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Black hole crash may warp space

In a looming collision of giants, two supermassive black holes are drifting toward a violent merger and an eruption of energy that will warp the fabric of space. It is all happening in a bright galaxy 400-million light-years away.

Images from the Chandra X-ray Observatory have captured for the first time the circling dance of two black holes _ each millions of times the mass of the sun _ as they whirl around each other.

"This is the first time we have ever identified a binary black hole," said Stefanie Komossa, an astronomer at the Max Planck Institute for Extraterrestrial Physics and the co-author of a study of the double black hole. "This is the aftermath of two galaxies that collided sometime in the past."

Each of the galaxies was about the size of the Milky Way, Komossa said Tuesday at a news conference. When they blended, the galaxies formed a single, extraordinarily bright galaxy known as NGC6240. Because of its distance from the Earth, the image now seen is 400-million years old.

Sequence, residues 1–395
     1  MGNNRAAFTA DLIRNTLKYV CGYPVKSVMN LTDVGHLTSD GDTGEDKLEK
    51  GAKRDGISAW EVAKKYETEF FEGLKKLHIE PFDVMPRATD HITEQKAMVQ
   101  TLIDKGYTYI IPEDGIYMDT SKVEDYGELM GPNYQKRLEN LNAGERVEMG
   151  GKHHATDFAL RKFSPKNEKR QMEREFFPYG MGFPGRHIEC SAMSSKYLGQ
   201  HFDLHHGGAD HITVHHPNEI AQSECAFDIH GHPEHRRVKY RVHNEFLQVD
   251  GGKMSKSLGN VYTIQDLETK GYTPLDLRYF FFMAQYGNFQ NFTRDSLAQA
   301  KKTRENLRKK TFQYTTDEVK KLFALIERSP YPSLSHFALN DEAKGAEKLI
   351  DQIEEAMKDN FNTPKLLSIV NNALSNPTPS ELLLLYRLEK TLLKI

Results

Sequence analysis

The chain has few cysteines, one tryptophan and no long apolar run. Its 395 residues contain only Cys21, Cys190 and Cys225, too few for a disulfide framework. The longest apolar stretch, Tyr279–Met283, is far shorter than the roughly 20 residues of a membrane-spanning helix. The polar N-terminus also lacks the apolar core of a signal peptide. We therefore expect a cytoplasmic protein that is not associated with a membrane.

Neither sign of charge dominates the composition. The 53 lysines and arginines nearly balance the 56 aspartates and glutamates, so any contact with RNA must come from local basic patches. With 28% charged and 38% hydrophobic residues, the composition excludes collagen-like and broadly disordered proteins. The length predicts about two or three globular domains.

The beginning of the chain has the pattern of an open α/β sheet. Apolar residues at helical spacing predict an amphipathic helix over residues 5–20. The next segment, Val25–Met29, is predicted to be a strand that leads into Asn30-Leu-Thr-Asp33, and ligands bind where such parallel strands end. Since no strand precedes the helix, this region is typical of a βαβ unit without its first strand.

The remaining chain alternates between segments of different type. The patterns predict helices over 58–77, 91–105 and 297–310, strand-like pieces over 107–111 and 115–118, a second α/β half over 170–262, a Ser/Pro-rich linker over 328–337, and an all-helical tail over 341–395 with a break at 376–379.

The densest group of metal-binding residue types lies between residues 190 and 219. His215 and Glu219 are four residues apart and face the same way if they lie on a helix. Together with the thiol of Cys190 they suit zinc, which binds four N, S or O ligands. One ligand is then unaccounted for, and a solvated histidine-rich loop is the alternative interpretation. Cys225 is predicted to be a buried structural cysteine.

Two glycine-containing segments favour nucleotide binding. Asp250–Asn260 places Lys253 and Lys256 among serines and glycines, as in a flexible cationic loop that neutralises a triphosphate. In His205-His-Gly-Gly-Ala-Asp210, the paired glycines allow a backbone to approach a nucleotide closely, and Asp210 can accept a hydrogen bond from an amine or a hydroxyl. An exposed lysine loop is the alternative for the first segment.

Astronomers said the merger is a glimpse of what may await the Earth's galaxy. Astronomers believe that in about 4-billion years, the Milky Way and the Andromeda galaxy will collide and merge.

When the black holes merge, gravitational waves will race across the universe, said Gunther Hasinger, a Max Planck astrophysicist and co-author of the study.

"A whole planet could be squeezed by an inch or so every few minutes," depending on how close it is to the merged black holes, said Steinn Sigurdsson, a Pennsylvania State University astronomer. Satellites would jiggle and navigation equipment could wobble momentarily, he said.

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